By JR on Tuesday, October 18, 2011
The defence bureaucracy don't have a clue -- which will be no news to most diggers
AUSTRALIA'S Collins Class submarines are more than twice as costly to operate as US Navy nuclear submarines. New figures obtained by The Advertiser show the six Collins boats cost about $630 million a year or $105 million each to maintain, making them the most expensive ever put to sea.
At present, just two of the fleet of six boats could go to war and with a maximum of three available at any one time, the costs are even higher when applied to serviceability.
The annual price for "sustainment" (maintenance and support) is $415.9 million for 2011-12, with operating costs (fuel, rations, wages, weapons) running at $213.4 million.
By comparison, a US Navy Ohio Class nuclear attack submarine, which is more than three times the size of a Collins boat, costs about $50 million a year.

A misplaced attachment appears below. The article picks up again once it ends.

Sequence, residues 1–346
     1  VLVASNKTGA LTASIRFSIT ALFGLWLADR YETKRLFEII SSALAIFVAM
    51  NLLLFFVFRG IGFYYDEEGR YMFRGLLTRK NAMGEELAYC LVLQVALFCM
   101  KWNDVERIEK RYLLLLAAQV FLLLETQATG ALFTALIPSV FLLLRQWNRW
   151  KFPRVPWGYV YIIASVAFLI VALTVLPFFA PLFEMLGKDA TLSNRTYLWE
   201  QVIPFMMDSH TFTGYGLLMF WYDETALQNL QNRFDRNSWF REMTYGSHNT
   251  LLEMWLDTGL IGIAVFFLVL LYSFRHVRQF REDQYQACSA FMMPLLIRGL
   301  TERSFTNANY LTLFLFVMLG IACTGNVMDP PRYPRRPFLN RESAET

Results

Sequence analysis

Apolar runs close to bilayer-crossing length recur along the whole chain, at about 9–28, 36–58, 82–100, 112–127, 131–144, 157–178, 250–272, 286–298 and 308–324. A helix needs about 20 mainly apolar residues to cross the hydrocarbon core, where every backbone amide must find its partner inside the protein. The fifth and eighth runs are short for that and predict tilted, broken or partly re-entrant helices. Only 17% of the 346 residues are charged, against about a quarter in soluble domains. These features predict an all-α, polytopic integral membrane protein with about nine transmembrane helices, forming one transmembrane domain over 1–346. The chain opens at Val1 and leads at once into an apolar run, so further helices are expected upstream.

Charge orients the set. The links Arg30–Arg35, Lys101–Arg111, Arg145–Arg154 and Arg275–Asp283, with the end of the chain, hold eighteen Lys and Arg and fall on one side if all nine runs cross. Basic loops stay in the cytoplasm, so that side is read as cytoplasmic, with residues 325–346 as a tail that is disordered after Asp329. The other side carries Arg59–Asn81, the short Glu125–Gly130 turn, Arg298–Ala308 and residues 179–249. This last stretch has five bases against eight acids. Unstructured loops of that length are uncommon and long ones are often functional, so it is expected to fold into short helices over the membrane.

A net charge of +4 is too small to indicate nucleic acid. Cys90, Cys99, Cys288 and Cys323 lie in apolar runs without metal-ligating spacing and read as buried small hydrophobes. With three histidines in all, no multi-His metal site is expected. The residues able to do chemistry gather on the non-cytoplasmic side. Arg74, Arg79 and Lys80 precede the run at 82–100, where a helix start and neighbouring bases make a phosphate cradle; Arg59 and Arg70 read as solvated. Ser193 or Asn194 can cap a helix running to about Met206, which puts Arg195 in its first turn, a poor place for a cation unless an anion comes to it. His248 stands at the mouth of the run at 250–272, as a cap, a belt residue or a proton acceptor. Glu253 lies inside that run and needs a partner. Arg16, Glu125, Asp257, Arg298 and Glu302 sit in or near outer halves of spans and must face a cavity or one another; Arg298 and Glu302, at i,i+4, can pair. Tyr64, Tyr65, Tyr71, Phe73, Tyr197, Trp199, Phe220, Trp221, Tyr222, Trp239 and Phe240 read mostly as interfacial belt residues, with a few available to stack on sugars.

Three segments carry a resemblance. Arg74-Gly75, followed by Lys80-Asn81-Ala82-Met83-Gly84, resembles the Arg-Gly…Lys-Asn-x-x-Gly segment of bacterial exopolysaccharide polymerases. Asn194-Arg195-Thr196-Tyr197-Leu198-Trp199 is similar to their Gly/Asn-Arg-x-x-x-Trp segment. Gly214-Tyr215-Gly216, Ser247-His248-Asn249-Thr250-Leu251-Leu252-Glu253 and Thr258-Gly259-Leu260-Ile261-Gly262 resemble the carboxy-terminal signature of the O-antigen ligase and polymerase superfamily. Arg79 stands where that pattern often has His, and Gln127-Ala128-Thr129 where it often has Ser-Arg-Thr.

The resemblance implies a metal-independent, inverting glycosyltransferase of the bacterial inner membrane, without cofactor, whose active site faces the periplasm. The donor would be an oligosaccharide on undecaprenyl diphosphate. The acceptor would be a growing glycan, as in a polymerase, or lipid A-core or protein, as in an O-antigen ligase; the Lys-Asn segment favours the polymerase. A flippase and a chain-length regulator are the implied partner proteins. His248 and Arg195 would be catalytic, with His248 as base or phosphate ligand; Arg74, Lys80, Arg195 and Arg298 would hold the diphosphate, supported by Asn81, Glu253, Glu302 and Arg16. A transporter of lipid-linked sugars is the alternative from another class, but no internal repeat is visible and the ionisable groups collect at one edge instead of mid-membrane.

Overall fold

The disturbing cost figures come as Defence officials revealed that at least two possible contenders for the navy's new submarine fleet, the Spanish S-80 and French-Spanish Scorpene class boat, have been ruled out of the future submarine project.
Answering questions on notice from Opposition spokesman David Johnston, Defence said both vessels did not meet "Australia's broad needs as outlined in the Defence White Paper". They are smaller than the Collins and the White Paper calls for 12 larger submarines to cost up to $36 billion.
In 2008, an embarrassed navy brass ceased to report on the performance of the Collins fleet in the Defence annual report. The 2007-08 performance outcome for the Collins fleet showed that it achieved just 64 per cent of its mission capability or 559 days of actual availability.
Since then the figures have been classified as "secret", but assuming a similar outcome then sustainment and maintenance of the subs now cost taxpayers a total of $1,643,835 a day for the six vessels or $273,972 a day each. With only two or three available for duty that cost blows out to more than $500,000 a day.
Senator Johnston accused the Government and Defence Minister Stephen Smith of taking their eye off the ball when it came to the submarines. A decision on the direction of the future submarine project is due to be made late this year or early in 2012.